150 students embark on a trip to learn about living, studying and working in India
Over the next 5 years, the British Council will work with partners to support up to 25,000 young people and professionals from the UK to gain experience in India. The programme has three strands, teaching assistantships, work placements and cultural immersion placements.
The two week engaging placement gives participants a chance to explore contemporary India with the opportunity to interact with Indian students, universities and businesses and contribute to thought-provoking panel discussions and workshops on everyday life in India. The participants will be travelling to Delhi and Mumbai visiting a range of organisations including Delhi University, IIT Bombay and the Bombay Stock Exchange.
Speaking on the occasion Rob Lynes, Country Director, British Council India said, “The Generation UK-India Programme encourages internationalism and is a fantastic opportunity for young people from the UK to come and learn about India, one of the countries that will shape the 21st century. Their experience will help broaden their understanding and their ability to operate in diverse contexts and a multi-cultural environment. This will hopefully lead to stronger links and partnerships between the UK and India “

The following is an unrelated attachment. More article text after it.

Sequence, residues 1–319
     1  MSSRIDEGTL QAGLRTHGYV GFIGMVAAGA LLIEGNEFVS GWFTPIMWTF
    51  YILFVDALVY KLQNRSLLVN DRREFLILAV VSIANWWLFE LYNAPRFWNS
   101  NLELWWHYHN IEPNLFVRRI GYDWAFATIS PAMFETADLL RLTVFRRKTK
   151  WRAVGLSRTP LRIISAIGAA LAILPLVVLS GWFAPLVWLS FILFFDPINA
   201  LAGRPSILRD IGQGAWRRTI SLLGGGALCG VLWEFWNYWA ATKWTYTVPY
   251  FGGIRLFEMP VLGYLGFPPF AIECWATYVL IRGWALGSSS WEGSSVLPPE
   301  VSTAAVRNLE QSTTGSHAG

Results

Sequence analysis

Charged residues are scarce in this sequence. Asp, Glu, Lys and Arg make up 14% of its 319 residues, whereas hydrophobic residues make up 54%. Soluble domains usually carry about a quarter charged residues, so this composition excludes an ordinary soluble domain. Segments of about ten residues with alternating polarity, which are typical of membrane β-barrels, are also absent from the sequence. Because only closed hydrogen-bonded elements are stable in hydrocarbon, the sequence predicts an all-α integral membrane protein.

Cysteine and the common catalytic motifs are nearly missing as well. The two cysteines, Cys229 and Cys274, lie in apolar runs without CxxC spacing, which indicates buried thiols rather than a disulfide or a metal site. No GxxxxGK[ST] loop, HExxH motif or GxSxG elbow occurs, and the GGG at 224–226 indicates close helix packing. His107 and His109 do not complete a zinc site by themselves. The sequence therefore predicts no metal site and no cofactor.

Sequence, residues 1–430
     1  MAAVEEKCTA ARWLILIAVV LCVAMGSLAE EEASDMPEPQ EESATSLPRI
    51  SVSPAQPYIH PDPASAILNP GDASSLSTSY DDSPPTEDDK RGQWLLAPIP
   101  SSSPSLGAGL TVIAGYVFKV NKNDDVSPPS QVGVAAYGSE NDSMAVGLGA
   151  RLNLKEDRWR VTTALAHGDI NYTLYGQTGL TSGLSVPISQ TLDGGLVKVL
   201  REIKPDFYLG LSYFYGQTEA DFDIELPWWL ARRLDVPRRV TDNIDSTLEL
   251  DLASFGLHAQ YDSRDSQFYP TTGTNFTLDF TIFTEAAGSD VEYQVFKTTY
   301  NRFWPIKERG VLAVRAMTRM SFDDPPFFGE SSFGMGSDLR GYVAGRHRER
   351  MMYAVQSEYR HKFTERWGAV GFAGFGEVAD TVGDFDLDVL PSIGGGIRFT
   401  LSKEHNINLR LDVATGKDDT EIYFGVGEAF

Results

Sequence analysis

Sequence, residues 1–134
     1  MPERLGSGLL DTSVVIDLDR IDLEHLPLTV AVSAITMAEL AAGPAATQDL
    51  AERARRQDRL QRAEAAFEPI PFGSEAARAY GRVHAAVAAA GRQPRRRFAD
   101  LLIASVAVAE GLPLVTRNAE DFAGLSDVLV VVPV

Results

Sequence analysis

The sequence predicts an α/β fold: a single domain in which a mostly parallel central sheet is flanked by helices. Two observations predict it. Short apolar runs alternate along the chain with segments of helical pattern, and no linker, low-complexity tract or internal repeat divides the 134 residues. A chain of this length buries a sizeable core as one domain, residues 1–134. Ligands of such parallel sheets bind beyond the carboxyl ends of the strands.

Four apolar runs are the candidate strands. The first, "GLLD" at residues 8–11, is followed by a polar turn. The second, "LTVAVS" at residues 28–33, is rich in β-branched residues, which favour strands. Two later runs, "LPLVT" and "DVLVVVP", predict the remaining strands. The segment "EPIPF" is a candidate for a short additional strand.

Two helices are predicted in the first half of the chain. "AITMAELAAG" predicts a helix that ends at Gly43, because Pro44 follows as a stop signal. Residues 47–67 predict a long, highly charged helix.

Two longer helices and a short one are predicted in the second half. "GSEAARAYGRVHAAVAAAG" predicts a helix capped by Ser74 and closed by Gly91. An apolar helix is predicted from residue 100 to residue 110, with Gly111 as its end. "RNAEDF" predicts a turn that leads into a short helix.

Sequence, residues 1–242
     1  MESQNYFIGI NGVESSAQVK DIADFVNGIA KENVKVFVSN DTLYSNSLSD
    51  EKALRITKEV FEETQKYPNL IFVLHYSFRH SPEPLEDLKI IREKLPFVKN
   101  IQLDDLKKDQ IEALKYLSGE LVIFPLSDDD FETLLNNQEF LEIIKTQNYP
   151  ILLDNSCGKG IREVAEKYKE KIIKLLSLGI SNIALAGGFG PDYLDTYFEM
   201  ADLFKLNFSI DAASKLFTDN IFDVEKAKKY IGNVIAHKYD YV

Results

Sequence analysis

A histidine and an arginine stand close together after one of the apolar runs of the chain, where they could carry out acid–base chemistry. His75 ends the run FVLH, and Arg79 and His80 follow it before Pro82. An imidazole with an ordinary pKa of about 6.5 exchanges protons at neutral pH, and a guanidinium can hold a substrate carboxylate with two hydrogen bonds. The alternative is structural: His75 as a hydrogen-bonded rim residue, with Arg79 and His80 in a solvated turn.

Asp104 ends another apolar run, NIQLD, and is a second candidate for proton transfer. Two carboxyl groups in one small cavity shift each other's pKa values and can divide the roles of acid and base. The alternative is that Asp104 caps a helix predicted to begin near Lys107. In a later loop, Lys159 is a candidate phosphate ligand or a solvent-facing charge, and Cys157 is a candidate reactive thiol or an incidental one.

All students got an opportunity to spend three exciting days at the renowned Delhi University. This gave them a chance to share their cultural similarities and differences with their Indian peers. Participants also engaged with academics and industry experts through workshops, lectures and panel discussions to explore relevant topics in greater depth.
In addition to institutional visits, the students also spend time investigating the local economy in Dharavi, meeting residents of a rural village in Maharashtra, interacting with pupils from Mumbai schools and exploring the sites of Old Delhi. These experiences help participants to gain a deeper understanding of the country and meet people from all walks of life, building connections for future collaboration.
Throughout the two weeks, the participants undertook cultural activities, improving their yoga and Bollywood dancing skills, visiting sites of political, religious and historical importance to put into context the country they are visiting.
Study India is one of three different cultural immersion placements taking place this year supporting 400 participants. In addition 100 teaching assistants are teaching in schools across India as part of the Generation UK-India teaching assistants’ programme. These 500 young people and professionals from the UK coming to India on the Generation UK-India programme will lay the foundation for many more successful years of mobility between the countries.